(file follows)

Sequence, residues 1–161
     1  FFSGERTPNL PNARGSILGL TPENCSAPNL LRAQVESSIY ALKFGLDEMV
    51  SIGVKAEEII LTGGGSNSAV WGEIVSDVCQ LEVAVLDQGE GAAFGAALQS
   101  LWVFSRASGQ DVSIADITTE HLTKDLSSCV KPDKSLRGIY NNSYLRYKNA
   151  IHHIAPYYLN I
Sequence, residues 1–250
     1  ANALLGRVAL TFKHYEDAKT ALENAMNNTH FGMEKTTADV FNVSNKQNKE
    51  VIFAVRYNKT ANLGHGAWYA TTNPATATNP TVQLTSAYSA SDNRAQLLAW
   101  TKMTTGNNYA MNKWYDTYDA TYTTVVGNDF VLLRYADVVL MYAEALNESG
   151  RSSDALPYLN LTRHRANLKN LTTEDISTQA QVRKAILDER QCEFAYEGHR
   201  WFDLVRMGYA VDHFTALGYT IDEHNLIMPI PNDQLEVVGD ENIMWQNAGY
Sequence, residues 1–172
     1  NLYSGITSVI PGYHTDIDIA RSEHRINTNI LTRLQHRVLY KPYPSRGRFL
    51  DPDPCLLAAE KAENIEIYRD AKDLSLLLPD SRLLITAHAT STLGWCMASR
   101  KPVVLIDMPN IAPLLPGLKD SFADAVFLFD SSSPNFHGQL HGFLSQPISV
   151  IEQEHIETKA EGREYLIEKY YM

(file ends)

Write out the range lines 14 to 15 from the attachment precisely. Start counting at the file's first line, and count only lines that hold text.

    51  DPDPCLLAAE KAENIEIYRD AKDLSLLLPD SRLLITAHAT STLGWCMASR
   101  KPVVLIDMPN IAPLLPGLKD SFADAVFLFD SSSPNFHGQL HGFLSQPISV